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Paxton Whitehead Poster

Biography

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Overview (2)

Date of Birth 17 October 1937Kent, England, UK
Birth NameFrancis Edward Paxton Whitehead

Mini Bio (1)

Paxton Whitehead was born on 17 October, 1937 in Kent, England, UK. He trained at London's Webber-Douglas Academy of Dramatic Arts starting at the age of 17. After attending the academy for two years he went to work in stock companies starting with the "weekly rep", small touring companies that rehearsed and performed a new play each week. He made his professional debut in 1956, and within two years was signed by the Royal Shakespeare Company.

Whitehead produced with Doric Wilson, directed and starred in "And He Made A Her" (1961), a production at the off-off-Broadway venue Caffe Cino. He made his Broadway debut in "The Affair" (1962) after appearing in Canadian stage and TV productions. Dudley Moore, Alan Bennett, Peter Cook and Paxton Whitehead provided vocals on the track "Some Thoughts From Aboard" from the comedy album "Beyond The Fringe '64". He went on to appear with the American Shakespeare Company to direct in regional repertory.

Whitehead was the Artistic Director of the Shaw Festival, the second-largest repertory theatre in North America. The Shaw Festival at Niagara-on-the-Lake began as an amateur summer happening. It developed into a professional, international event, particularly under Paxton Whitehead, its dedicated artistic director from 1966 to 1977. Notable appearances there included Magnus in "The Apple Cart", Cusins in "Major Barbara", "The Philanderer", Sergius in "Arms and the Man", Lord Summerhays in "Misalliance", Fancourt Babberly in "Charley's Aunt", Tempest in the North American premiere of Alan Bennett's "Forty Years On" and Hector in "Heartbreak House" with Jessica Tandy and Tony Van Bridge, a role he repeated at the Theatre Royal, Haymarket, London with Rex Harrison and Diana Rigg. Whitehead was also the Artistic Director for The Vancouver Playhouse Theatre Company from 1971 to 1973.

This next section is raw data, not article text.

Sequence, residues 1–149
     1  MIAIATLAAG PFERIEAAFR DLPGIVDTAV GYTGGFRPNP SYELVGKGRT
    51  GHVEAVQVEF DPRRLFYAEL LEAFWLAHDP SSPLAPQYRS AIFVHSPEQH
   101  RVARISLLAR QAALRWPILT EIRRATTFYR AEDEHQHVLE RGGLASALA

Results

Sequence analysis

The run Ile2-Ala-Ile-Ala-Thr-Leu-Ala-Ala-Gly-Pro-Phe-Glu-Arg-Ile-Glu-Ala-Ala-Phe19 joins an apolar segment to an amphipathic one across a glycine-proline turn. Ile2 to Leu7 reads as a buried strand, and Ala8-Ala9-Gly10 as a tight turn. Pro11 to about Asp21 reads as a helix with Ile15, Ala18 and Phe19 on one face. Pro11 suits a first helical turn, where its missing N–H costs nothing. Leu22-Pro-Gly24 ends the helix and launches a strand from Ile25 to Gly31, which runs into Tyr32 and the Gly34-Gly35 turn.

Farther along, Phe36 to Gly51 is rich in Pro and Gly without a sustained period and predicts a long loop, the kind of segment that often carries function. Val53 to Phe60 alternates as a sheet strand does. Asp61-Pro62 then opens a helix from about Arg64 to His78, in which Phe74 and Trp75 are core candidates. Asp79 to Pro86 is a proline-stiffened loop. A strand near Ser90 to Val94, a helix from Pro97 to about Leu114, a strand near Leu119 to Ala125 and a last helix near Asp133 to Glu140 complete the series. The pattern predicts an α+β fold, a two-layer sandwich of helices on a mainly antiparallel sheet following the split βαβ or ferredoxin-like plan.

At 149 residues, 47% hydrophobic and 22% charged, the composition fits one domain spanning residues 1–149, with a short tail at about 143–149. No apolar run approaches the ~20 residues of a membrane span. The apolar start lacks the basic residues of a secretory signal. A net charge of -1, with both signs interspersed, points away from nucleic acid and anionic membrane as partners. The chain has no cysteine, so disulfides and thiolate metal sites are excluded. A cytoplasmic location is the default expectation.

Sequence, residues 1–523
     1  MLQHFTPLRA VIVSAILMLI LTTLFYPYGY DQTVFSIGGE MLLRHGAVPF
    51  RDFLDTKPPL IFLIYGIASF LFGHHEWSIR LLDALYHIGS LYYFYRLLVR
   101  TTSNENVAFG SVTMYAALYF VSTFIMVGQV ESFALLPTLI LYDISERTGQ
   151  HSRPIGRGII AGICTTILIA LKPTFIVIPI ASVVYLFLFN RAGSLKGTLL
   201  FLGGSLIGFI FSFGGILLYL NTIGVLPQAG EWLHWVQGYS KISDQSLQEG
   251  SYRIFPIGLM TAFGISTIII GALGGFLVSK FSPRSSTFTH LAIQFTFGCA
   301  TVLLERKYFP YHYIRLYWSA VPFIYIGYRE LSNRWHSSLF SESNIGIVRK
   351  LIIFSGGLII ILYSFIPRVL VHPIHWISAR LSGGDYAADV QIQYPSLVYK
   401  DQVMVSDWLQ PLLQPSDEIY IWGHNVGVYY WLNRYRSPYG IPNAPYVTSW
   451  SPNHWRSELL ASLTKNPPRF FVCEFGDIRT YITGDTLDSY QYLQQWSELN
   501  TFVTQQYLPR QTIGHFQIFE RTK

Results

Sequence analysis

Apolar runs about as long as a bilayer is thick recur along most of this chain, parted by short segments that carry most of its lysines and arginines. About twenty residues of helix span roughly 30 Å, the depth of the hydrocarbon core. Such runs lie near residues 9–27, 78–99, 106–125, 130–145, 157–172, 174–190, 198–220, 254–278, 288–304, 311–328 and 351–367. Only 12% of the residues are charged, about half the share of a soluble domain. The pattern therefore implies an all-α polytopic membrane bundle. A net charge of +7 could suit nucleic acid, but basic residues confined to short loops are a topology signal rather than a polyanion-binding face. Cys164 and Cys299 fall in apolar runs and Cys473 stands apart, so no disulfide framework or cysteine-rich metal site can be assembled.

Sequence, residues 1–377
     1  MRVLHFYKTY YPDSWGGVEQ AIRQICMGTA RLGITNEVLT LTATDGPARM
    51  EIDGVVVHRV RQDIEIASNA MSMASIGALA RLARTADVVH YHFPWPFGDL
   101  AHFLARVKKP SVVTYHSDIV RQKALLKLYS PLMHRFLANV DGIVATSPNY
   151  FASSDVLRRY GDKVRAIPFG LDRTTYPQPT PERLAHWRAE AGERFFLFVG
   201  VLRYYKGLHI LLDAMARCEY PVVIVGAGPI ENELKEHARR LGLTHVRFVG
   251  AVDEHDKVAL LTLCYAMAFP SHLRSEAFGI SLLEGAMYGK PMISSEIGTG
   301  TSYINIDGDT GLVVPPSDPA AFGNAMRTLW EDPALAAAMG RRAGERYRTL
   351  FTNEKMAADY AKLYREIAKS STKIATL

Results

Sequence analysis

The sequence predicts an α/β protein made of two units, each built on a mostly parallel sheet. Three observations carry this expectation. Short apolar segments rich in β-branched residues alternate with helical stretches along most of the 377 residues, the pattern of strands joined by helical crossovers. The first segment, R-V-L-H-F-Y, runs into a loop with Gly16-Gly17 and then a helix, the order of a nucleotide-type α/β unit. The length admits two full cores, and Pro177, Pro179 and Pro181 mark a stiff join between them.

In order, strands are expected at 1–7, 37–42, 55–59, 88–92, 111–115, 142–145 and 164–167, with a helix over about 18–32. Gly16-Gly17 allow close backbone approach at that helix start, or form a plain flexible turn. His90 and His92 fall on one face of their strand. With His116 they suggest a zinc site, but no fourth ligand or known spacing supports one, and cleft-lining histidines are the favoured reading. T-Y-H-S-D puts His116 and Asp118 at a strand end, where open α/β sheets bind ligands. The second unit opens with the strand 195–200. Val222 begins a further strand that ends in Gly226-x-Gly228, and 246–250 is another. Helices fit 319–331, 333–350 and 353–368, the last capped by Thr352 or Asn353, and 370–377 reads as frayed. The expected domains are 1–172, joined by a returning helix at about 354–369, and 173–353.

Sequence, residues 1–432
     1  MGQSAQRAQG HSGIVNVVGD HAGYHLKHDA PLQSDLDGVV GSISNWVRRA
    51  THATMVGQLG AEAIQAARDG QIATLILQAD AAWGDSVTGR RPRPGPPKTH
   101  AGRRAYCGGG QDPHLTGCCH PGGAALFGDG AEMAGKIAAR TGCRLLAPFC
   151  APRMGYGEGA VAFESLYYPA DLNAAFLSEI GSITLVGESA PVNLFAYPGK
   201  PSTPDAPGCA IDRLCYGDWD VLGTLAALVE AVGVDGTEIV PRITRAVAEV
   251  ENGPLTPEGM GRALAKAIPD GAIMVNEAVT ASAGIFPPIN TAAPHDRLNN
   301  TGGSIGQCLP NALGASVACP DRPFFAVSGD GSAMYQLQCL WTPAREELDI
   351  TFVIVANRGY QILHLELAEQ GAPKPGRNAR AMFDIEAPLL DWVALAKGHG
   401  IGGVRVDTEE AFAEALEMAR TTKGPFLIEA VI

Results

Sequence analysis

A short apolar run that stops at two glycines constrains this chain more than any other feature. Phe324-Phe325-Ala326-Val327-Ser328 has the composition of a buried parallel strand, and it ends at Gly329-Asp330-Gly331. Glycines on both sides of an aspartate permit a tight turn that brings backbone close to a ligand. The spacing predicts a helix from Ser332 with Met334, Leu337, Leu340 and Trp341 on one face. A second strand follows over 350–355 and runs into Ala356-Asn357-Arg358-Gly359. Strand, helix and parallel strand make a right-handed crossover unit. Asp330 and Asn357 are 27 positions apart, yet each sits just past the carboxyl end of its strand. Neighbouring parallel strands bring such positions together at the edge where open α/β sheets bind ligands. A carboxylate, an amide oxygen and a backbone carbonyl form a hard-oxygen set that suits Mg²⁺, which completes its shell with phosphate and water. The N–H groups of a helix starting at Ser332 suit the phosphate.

Whitehead appeared opposite Carol Channing in "The Bed Before Yesterday" (1976) at the Robert Morris University, Colonial Theatre, Pennsylvania. He received an honourary degree in arts from Trent University in 1978. At the Williamstown Theatre Festival, Main Stage July 11 - July 15, 1978, Whitehead played Leo in "Design for Living". Suzanne Grossman and Paxton Whitehead translated and adapted the plays by Georges Feydeau "The Chemmy Circle" in 1979 and "A Flea in her Ear" in 1982.

Whitehead earned a Tony Award nomination for his appearance in "Camelot" during 1980. He has appeared in numerous Broadway productions including "My Fair Lady", opposite Richard Chamberlain, "The Harlequin Studies" with Bill Irwin, Noel Coward's "Suite in Two Keys", "A Little Hotel on the Side", "Lettice and Lovage" (playing an emotionally shut-down police investigator), "Artist Descending A Staircase", "Run For Your Wife", "The Crucifer of Blood", "Habeas Corpus", "Candida", "Beyond the Fringe" (1964), "The Affair" and "London Suite" (a comedy by Neil Simon). Whitehead appeared in "Noises Off" (September 22 - November 27, 1983) with Linda Thorson, his Marblehead Manor (1987) co-star.

He moved to California in 1980 to rear his children and has been a resident of Irvine, California for many years. The Shaw Festival of Canada debuted at the Annenberg Centre with "Charley's Aunt" starring Paxton Whitehead. Whitehead has also appeared in the Los Angeles productions of "Woman in Mind" with Helen Mirren, "The Rocky Horror Show", "Pirates of Penzance", "How the Other Half Loves" and "Beyond The Fringe", as well as duplicating some of his Broadway roles. Paxton Whitehead directed the Seattle Repertory Theatre production of "The Real Thing" in 1986. He was nominated for Best Lead Performance at the 1988-1989 20th Los Angeles Drama Critics Circle Awards for "How the Other Half Loves".